A second illustration is the Court’s rejection in October 2020 of an application to stay a Pennsylvania Supreme Court ruling on mail-in ballots (Pennsylvania Democratic Party v. Boockvar). Shortly after denying that stay, the Court decided to keep in place a stay on a federal district court order from Wisconsin that would have allowed more time for the receipt of absentee ballots. In the Wisconsin case (Democratic National Committee v. Wisconsin State Legislature), Chief Justice Roberts issued a short concurrence to explain why he believed a stay was warranted in Wisconsin but not in Pennsylvania: “While the Pennsylvania applications implicated the authority of state courts to apply their own constitutions to election regulations, [the Wisconsin] case involves federal intrusion on state lawmaking processes.”
Of course, it’s possible that the Court could shift the Purcell goalposts. Commentators have criticized the Purcell principle as malleable and underspecified, and the Court’s invocations of it have not been entirely consistent. In his Merrill stay concurrence, Justice Kavanaugh noted that “the Court has not yet had occasion to fully spell out all of its contours.” The Court could conceivably decide that the principle is less about constraining federal courts and more about limiting any last-minute judicial alterations of election rules.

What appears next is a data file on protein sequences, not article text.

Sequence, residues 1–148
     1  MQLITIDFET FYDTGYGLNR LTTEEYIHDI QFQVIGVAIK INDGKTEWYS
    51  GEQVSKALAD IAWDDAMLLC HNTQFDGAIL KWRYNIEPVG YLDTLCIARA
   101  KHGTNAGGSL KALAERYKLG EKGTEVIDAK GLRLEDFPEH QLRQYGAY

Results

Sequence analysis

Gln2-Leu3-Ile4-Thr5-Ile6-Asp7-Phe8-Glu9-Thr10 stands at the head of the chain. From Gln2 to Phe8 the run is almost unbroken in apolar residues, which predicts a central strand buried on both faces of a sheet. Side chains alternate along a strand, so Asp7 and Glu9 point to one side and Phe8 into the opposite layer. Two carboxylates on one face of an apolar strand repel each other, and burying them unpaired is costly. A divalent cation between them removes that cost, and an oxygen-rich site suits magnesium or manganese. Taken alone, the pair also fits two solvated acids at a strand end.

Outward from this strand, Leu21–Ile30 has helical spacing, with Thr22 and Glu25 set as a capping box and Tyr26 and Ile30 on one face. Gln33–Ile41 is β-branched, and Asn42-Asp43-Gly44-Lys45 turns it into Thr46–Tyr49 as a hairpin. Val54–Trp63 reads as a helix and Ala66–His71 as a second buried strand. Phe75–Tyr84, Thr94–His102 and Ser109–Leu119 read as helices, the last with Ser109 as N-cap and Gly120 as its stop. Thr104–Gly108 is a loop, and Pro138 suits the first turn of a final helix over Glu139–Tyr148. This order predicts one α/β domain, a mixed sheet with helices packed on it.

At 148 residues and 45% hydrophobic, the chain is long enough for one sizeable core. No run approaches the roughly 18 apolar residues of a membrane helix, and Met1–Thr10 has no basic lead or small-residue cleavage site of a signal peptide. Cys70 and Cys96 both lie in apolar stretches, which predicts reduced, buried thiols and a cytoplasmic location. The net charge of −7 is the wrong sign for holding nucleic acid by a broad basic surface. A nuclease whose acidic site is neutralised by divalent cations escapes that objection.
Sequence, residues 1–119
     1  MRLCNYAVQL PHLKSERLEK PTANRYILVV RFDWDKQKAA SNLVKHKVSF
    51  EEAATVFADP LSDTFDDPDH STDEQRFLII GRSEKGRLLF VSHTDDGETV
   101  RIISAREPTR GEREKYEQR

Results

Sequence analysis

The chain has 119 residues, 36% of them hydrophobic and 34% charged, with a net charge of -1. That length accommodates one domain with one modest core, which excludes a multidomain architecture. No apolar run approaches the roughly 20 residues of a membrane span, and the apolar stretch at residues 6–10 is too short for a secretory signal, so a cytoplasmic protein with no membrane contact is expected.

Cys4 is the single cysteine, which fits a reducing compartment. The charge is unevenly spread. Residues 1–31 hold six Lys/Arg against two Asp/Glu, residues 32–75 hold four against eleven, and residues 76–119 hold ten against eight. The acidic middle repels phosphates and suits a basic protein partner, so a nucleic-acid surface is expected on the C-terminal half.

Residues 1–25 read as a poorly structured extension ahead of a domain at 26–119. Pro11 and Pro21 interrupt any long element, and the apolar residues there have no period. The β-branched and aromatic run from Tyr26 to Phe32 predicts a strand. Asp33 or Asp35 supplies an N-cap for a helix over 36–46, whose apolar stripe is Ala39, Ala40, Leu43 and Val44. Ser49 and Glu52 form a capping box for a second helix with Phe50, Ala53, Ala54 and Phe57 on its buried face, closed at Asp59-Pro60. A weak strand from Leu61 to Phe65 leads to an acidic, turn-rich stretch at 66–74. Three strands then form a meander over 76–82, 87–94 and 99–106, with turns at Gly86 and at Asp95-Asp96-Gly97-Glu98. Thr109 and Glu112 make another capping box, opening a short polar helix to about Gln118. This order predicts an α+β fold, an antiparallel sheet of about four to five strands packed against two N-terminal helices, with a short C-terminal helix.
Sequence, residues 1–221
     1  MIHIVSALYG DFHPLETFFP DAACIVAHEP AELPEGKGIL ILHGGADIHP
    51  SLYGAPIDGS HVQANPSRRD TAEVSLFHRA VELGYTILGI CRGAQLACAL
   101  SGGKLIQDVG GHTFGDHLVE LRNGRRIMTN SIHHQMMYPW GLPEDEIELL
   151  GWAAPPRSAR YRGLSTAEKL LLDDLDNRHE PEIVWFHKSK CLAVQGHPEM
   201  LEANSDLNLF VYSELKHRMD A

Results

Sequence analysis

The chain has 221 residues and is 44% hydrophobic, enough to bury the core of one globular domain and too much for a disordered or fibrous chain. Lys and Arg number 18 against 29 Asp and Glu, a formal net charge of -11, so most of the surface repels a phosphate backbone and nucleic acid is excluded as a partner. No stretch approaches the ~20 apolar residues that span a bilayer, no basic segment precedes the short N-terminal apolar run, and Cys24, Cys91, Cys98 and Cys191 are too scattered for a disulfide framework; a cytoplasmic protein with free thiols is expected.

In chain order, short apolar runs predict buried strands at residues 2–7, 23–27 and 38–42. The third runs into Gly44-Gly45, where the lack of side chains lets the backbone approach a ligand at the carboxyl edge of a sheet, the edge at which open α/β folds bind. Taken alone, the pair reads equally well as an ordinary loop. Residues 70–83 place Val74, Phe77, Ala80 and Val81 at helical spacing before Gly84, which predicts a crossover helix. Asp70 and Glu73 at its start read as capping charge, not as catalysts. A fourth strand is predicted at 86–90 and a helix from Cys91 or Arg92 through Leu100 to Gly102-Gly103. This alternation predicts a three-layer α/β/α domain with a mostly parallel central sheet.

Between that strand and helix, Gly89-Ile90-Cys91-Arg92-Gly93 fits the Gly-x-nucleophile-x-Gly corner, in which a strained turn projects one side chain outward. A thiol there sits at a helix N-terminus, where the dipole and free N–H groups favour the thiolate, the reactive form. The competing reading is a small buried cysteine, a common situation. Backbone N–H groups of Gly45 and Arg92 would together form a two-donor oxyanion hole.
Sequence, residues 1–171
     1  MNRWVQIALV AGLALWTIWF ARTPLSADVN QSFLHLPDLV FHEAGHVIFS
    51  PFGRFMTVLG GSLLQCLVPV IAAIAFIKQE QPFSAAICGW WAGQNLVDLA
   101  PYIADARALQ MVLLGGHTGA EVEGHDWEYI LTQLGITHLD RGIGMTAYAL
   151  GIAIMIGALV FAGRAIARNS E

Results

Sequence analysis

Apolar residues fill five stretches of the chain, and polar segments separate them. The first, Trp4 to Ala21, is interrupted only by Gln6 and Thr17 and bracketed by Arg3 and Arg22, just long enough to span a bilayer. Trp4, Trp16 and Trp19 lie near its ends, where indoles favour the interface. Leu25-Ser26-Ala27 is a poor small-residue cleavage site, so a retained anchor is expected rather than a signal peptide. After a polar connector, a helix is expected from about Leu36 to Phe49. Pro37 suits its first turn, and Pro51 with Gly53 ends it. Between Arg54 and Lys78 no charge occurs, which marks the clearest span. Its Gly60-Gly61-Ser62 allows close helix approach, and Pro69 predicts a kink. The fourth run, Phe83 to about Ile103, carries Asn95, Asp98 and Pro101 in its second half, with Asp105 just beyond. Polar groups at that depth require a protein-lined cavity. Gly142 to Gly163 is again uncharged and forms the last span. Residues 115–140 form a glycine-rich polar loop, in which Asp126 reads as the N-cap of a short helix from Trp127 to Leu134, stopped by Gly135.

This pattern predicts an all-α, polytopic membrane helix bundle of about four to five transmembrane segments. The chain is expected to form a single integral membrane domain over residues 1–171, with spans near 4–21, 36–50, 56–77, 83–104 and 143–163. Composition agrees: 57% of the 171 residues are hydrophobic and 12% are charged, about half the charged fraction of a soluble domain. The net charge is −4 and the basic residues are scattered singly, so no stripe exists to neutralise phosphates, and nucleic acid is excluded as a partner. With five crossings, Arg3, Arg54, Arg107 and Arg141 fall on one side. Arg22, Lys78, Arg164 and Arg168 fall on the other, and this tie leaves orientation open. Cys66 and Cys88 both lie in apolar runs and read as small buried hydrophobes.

But if the Court continues to apply Purcell when litigants ask federal courts to stay the pre-election orders of state supreme courts, it is difficult to see how a party could overcome Purcell’s anti-stay presumption, at least as the law now stands. On Justice Kavanaugh’s telling, stay applicants must show (among other things) that “the underlying merits are entirely clearcut in [their] favor.” In other words, they’d have to show that a state supreme court unmistakably violated the Elections Clause by transgressing the ordinary bounds of judicial review. But the majority in Moore pointedly declined to adopt any test for evaluating when a state court goes too far. How can a state court clearly run afoul of a yet-to-be-articulated rule?